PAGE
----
This is what was happening to me and there was a name for it. Searching the internet for the term “emotional abuse” now generated newspaper articles, accounts from people who had been emotionally abused by partners in nearly exactly the same way as me. I came across definitions used in psychology such as “gas lighting”, “compartmentalisation”, “stonewalling” – all of the things he did to me finally had names.
I found and downloaded (e-books, of course) such as Lundy Bancroft’s Why Does He Do That: Inside the Minds of Controlling and Abusive Men and Don Hennessy’s The Mind of the Intimate Male Abuser: How He Gets Into Her Head.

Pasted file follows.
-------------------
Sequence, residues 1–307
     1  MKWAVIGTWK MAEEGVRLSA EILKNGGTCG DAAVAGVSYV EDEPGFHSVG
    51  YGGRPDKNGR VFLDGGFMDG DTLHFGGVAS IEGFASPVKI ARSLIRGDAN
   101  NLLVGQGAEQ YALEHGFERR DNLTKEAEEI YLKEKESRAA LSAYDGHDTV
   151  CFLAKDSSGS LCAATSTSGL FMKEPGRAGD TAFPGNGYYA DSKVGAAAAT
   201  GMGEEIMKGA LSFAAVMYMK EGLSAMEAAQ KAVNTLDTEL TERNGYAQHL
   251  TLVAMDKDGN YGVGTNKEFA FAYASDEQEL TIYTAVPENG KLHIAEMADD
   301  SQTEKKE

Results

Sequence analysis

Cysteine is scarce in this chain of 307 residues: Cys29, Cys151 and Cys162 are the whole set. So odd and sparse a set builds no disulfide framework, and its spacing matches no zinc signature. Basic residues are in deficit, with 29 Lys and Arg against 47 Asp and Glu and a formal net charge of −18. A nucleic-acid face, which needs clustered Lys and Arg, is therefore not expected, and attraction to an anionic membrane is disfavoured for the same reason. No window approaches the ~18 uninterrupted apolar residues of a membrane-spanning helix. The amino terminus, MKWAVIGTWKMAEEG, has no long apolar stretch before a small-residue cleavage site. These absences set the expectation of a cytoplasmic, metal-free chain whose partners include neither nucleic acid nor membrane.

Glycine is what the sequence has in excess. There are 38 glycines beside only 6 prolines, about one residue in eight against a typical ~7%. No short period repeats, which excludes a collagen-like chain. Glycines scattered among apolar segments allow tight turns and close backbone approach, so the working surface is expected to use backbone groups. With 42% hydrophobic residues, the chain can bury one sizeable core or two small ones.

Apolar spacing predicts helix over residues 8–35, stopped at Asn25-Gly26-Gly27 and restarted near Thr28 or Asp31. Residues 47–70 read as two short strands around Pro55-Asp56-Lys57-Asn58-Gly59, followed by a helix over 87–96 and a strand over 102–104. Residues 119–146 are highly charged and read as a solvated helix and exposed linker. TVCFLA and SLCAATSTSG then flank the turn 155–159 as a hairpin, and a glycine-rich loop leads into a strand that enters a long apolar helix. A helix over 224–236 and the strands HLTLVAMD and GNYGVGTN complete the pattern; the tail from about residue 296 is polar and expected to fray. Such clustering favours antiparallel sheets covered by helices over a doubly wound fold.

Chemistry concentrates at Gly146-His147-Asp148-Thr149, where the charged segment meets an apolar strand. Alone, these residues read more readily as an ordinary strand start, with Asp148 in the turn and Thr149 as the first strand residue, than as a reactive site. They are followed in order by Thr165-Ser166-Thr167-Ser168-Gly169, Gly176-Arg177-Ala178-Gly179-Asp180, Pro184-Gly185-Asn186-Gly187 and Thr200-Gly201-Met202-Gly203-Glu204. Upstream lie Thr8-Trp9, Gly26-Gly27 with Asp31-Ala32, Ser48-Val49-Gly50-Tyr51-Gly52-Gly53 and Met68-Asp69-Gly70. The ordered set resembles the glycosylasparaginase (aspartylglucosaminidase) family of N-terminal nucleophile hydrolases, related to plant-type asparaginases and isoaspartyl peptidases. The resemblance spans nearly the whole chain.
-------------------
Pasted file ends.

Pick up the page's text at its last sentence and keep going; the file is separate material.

The outcome of this research showed me that abusers are incapable of change.
Getting this information empowered me. But even so, when I finally rang DVAS and explained my situation I still had to ask: “Is this abuse?”
The lady on the phone confirmed this. When I asked her what caused my nice husband to change into this nasty person she told me he was probably always like this, he just hid it from me well until he felt he didn’t have to any more.
It felt like my husband had died.
When I put the phone down that day I cried for a long time, because I knew she was right. I knew he was never going to change and that I would never forgive him for what he had done.
It took me about six months of sitting on this information before I confronted him.